Armstrong and Creighton find positives from brutal Portugal

Northern Ireland’s duo of Junior WRC entrants, Jon Armstrong and William Creighton, won’t face many rallies tougher than Rally Portugal last weekend. Creighton nursed his Ford Fiesta Rally4 home with gearbox damage on Sunday while Armstrong retired on Saturday with engine failure.

Creighton secured his second fifth-placed finish of the season as Armstrong was forced to settle for his six stage-winning bonus points after his non-finish.

It leaves Armstrong and Creighton third and sixth in the Junior WRC standings with three rounds remaining. As Creighton explains, it was an up-and-down weekend with strong pace mixed with the constant fear of mechanical failure.

“It’s certainly a rally of mixed emotions,” said Creighton at the finish.

“I was very encouraged by the pace we set early in the rally and everything just seemed to come together despite my lack of knowledge of the stages and unique surface that Portugal offers.

“I know that Portugal can bite back but being forced out of the fight on Friday was frustrating.

“It was all about consolidation from then on and getting more points on the board. Yes, the gearbox issue was annoying on Sunday, but realistically we were a long way from a podium by that point.”

A broken driveshaft on Friday’s fifth stage ruined any serious hopes for Creighton and co-driver Liam Regan on Rally Portugal’s opening day. They weren’t the only ones – Finland’s Lauri Joona suffered driveshaft failure a stage earlier before succumbing to the same issue a further two times on Saturday.

Meanwhile, Armstrong and English co-driver Phil Hall suffered their own drama on Friday afternoon. The Codemasters backed crew had set a stunning sequence of four fastest stage times in a row on Friday.

It was looking so good as they went 15.6 seconds quicker than their nearest rivals on Rally Portugal’s 19.5-kilometre fifth stage. With a remarkable 36-second advantage Armstrong’s rally lead quickly unravelled on Stage 6, Arganil.

After picking up a puncture, Armstrong opted to see if it would hold out for the remainder of the 18.8 km stage. Realising it was a lost cause Armstrong and Hall pulled over to change the wheel.

They’re rally lead was gone but as their jack sunk into the sandy stage-side surface it became a more strenuous task to replace the wheel in question. Eventually the wheel was changed but not after losing over four minutes to their rivals.

Armstrong’s comfortable rally lead had turned into a mediocre fourth position, over three minutes behind Martin Koci in third.

Unfortunately for the DiRT Rally games designer, worse was to follow 24 hours later.

As Creighton returned under Superrally conditions on Saturday to set a brace of top three stage times, Armstrong inherited third in Junior WRC when Koci became the latest victim of Portugal’s rough terrain. The Slovakian stopped on Stage 12 with driveshaft failure.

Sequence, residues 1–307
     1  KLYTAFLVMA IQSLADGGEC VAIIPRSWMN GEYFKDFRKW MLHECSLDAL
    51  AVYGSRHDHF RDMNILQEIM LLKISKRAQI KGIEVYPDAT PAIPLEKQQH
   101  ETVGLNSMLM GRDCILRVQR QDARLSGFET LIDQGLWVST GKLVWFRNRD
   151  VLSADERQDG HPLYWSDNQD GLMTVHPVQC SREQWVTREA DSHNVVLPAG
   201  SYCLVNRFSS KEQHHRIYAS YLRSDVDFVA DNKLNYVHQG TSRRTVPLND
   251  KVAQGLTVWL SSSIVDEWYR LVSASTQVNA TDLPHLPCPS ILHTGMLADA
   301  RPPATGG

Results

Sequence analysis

Second-placed Sami Pajari was another to hit trouble on Saturday, the young Finn lost power steering on the longest stage of the rally, Amarante. It put him within reach of Armstrong who was once again punching in rapid times.

After 12 stages, Armstrong was 45-seconds from second-place and had already clinched six stage-winning bonus points. It was all to play for!

Another puncture halted Armstrong’s progress on SS13 but the Fermanagh man was ready for another Amarante assault. But it wasn’t to be, Armstrong’s attack had barely begun when his engine cried no more.

He didn’t know it at the time but it was game over, M-Sport Poland mechanics quickly confirming the failure was terminal upon the Fiesta’s arrival to service.

“I’m obviously disappointed not to finish the rally and get more points,” admitted Armstrong. “But we have to be happy with our performance pace-wise.

“It’s good to be rewarding our partners with speed and a strong start to the year.”

Creighton was one of three Junior WRC crews to finish Rally Portugal under Superrally regulations. His early challenge for the rally lead is a promising sign for the championship’s next gravel round in Estonia.

The Motorsport Ireland Academy driver’s final day was hindered as his Fiesta lost third gear. Creighton nursed his car home to another World Rally Championship finish, topping up his tally of points gathered in Croatia last month.

“I think being more relaxed helped with that pace,” said Creighton, “and to see us in second overall [on Friday morning] was great motivation.

“There are plenty of positives to take away from our weekend and that’s really the focal point for me – to take that positively into the next Junior WRC round.”

With only a few days to ponder Portugal’s gruelling conditions, Creighton and Regan kick start another championship campaign at Oulton Park’s Neil Howard Stages this Monday. The Northern Irish duo are aiming for success in the Junior British Rally Championship, a series they have been regulars in since 2017.

Rally Estonia in July is the next round of Junior WRC. It may be another gravel event but the high-speed, crest-ridden stages will prove an almighty new challenge for Ireland’s Junior WRC hopefuls.

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Photos courtesy of Junior WRC

Adam Hall

Brought up in the Irish countryside, Adam was never far away from the world of rallying. From following local events like the Circuit of Ireland and the Ulster Rally, Adam now puts the stories from stages all around the world into words through his website Rally Insight.

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